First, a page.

1.30pm: Chemins De Traverse
The 1997 London Film Festival - the last one I attended before I took it upon myself to document every film I saw on a daily basis - was notable for being the festival at which I saw Western, a delightfully rambling French road movie. It introduced me to two big names I wasn't previously aware of: director Manuel Poirier, and actor Sergi Lopez. Lopez has gone on from there to become the hardest working man in European cinema, and these days he fills the same role in film festivals that Gerard Depardieu filled ten years ago: a solid, reliable presence, who'll always be found in a couple of films on the festival circuit, year in, year out. Poirier's career, on the other hand, hasn't had anything like the same degree of success, though it's nice to see that Poirier and Lopez still work together on films like this one.
Here, Lopez plays Victor, a small-time dodgy dealer: it isn't too much of a stretch to think of his adventures as being like a French arthouse version of Only Fools And Horses. He's continually running from one town to the next, with his teenage son Felix (Kevin Miranda) always in the back seat asking where they're going now. Victor takes on all manner of scams - selling on furniture from rented accommodation, operating an illegal international call centre, acting as an agent for a Piaf impersonator - all with varying degrees of lack of success. Meanwhile, Felix is skipping school regularly as he tries to decide whether this is really the life for him.
This isn't really much more than a ho-hum family drama, sadly. Lopez is as great as ever - he's trying to be different things to different people all at the same time, and his carefully layered performance carefully reveals the cracks in his facade at just the right time. But the story is just too slow moving and episodic to engage our interest, though admittedly it does have its moments here and there. Poirier still doesn't seem to be able to deliver on the promise of Western, which is a bit of a shame.
3.30pm: The Woodsman
Walter (Kevin Bacon) is a quiet man who's just moved into the neighbourhood, and started work at the local woodyard. He doesn't make new friends easily, but slowly starts up a relationship with the one woman at the woodyard, Vickie (Kyra Sedgwick). Nobody knows anything about Walter's past, and he wants to keep it that way. Because Walter has just done a twelve year stretch in jail for two counts of sexual assault on minors. Nevertheless, some secrets are too big to keep hidden.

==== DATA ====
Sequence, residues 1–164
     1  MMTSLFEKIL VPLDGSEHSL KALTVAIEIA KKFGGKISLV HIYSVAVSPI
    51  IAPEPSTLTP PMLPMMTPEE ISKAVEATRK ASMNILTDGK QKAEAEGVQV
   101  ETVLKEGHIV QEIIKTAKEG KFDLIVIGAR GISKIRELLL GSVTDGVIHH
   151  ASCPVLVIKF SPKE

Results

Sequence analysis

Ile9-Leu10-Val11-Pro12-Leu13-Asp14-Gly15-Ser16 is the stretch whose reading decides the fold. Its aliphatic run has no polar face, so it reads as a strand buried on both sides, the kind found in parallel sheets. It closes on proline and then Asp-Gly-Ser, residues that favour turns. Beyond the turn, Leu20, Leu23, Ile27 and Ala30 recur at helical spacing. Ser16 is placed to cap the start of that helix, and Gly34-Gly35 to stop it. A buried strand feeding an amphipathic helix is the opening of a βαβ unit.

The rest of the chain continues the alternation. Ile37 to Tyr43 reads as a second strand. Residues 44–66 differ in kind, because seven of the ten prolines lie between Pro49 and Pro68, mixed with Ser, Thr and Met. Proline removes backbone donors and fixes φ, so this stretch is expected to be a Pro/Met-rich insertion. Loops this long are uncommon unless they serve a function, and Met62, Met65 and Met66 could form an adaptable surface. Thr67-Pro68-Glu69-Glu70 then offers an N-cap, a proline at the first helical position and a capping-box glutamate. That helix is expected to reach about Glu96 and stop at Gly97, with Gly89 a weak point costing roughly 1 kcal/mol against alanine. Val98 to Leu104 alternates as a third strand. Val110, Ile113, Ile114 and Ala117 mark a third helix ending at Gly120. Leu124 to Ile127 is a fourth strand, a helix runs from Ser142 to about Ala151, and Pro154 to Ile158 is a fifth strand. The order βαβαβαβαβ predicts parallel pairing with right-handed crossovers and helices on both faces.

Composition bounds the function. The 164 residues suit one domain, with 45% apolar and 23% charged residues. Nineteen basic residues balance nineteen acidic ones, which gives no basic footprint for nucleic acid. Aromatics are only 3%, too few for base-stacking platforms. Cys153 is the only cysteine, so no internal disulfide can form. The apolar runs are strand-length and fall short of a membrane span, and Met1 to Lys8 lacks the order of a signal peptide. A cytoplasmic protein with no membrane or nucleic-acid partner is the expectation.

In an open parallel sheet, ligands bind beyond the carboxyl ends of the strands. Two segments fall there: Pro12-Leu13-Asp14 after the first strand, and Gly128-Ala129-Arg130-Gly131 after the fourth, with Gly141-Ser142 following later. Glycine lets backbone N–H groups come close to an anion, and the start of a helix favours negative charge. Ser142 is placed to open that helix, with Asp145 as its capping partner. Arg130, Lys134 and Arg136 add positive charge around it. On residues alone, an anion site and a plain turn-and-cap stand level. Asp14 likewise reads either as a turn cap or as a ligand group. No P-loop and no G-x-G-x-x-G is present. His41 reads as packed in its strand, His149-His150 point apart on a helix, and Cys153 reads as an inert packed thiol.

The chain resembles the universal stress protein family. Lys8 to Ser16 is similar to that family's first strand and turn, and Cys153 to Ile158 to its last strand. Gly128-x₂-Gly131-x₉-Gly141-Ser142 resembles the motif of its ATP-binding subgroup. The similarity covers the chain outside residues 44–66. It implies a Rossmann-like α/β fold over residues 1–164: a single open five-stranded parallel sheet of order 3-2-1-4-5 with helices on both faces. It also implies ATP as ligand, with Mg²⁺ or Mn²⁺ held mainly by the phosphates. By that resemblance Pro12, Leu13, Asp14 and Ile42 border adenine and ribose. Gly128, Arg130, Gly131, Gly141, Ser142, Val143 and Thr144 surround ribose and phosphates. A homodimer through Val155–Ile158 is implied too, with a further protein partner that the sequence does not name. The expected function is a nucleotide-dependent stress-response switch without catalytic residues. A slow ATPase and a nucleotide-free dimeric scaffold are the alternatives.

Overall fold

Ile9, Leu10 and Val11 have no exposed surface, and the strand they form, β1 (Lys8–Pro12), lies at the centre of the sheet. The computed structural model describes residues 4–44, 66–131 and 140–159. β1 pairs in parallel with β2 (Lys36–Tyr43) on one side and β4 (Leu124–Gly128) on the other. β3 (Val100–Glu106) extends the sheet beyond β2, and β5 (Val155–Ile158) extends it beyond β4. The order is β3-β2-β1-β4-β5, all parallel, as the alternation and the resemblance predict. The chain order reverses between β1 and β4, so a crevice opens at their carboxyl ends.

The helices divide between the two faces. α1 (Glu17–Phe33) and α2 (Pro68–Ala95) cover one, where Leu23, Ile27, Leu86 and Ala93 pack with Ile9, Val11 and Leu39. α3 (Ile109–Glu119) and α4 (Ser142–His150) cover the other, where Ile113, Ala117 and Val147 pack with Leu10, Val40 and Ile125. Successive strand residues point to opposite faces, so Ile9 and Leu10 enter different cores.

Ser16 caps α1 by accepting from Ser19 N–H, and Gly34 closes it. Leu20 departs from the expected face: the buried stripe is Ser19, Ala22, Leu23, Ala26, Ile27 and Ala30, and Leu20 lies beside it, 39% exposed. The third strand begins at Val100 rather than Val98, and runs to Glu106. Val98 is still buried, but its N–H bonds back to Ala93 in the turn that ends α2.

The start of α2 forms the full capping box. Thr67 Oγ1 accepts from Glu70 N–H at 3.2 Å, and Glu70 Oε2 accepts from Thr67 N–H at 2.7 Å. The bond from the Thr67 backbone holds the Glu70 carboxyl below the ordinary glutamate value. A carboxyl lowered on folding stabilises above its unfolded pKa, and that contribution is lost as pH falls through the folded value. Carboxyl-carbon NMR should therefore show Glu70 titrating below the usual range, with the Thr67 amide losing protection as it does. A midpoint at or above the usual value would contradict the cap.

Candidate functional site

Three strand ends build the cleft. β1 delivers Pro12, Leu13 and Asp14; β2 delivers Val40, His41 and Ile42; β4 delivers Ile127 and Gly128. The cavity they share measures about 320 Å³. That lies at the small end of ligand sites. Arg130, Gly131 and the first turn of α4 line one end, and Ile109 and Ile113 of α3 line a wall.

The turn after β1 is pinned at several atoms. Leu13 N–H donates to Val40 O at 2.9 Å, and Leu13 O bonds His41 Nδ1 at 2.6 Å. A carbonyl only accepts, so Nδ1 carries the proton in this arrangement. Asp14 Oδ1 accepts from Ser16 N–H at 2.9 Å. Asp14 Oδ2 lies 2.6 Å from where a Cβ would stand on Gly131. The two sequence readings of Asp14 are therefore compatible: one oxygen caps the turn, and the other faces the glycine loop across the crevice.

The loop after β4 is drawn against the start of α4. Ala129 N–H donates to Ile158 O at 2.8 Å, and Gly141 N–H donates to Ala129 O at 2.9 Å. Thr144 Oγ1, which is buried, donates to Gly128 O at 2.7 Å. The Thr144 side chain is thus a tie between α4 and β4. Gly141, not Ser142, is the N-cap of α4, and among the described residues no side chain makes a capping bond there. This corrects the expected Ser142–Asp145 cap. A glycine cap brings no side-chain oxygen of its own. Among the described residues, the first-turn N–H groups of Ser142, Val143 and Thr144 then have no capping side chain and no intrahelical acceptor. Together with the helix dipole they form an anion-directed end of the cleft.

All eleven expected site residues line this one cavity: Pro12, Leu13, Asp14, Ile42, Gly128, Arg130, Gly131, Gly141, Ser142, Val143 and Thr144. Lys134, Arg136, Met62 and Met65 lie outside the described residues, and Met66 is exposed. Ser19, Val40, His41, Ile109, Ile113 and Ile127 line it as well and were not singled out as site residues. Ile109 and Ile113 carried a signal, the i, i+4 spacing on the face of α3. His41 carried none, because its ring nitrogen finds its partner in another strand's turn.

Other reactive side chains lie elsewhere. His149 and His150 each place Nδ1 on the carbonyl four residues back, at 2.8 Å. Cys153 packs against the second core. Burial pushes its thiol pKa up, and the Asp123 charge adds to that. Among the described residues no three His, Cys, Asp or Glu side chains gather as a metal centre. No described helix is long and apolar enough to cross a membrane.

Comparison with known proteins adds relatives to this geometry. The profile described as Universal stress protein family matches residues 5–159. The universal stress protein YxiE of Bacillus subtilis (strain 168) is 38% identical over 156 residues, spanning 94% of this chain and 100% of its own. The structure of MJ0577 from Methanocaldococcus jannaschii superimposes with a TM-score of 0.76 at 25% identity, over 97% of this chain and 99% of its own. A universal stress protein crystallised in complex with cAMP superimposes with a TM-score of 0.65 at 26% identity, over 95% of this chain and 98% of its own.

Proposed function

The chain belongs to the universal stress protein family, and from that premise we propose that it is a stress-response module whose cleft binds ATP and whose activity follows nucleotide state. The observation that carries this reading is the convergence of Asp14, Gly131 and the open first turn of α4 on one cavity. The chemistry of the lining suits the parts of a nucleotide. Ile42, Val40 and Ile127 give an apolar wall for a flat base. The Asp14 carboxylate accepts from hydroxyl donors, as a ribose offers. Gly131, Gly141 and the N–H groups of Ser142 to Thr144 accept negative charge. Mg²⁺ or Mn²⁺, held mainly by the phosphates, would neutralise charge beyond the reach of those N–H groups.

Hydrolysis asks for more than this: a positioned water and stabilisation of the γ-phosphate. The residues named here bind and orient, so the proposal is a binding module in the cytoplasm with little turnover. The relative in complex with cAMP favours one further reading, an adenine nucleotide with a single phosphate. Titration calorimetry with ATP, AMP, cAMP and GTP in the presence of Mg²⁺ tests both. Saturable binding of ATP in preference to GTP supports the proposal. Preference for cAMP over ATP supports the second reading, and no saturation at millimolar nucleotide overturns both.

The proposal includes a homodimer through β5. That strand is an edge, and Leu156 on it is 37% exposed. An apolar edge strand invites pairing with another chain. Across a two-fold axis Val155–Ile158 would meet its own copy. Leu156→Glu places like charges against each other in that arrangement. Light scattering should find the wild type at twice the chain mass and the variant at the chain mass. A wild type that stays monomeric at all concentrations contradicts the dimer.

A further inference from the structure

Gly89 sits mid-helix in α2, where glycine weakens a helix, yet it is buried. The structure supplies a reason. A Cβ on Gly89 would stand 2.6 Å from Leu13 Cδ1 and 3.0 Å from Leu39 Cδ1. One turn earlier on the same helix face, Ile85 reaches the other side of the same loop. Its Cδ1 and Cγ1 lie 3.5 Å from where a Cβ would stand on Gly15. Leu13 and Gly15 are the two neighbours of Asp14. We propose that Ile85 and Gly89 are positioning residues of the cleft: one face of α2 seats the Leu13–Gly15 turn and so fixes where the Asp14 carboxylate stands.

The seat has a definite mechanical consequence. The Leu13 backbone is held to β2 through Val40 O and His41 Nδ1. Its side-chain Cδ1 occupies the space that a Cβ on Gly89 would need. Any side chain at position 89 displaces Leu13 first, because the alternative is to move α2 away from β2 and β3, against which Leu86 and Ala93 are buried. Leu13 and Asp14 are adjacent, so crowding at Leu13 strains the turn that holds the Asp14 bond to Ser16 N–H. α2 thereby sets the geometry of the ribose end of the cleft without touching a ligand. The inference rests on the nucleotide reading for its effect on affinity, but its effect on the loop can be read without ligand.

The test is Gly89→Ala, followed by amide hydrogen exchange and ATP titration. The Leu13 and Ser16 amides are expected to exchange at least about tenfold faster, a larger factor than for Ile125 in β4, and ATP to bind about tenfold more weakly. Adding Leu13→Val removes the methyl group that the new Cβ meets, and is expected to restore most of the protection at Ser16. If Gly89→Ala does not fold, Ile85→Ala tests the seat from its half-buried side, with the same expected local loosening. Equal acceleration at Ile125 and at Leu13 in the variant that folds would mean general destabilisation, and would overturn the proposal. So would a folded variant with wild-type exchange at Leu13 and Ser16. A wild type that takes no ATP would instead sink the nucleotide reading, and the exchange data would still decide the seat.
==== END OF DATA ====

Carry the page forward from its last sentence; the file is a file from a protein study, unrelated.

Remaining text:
Can you imagine what a British version of this story would be like? They'd have the lynch mobs mobilised before you got to the end of the first reel. What impresses most about Nicole Kassell's film (adapted from a play by Steven Fechter) is the unsensational approach to what could so easily be sensational material. It's handled with tremendous restraint, and yet isn't afraid to cross lines when they need to be crossed. There are some excellent supporting performances - Kyra Sedgwick does white trash to perfection, while Mos Def takes his three scenes as the cop keeping an eye on Walter and turns them into a masterclass on subtext. And Kassell does a fine job of depicting the torment in Walter's head through the photography and editing, particularly in a beautifully fragmented love scene.
But it's unquestionably Bacon's picture. After years of seeing him play The Kid in films, and then having to get used to him being The Guy, what he pulls off here is a strange mixture of the two. He's recognisably an older man, but his face is a childlike mask of confusion and terror as he spends his day trying to avoid opportunities for temptation - crucially, the only time he seems relaxed is when he's talking to children. Bacon talked yesterday about how his key contribution to the production was cutting out most of his dialogue. Normally, that sounds like the sort of toss uttered by actors who want to pretend they're talented enough to not need writers: but a fantastically internalised performance like this needs no excuses. His stripped-down approach pays off in a nail-bitingly brilliant climactic scene: it's just two people talking, but it plays maliciously with your expectations and hopes, and genuinely leaves you fearful as to its outcome. This is a fabulous piece of work that should be seen - don't let the theme put you off.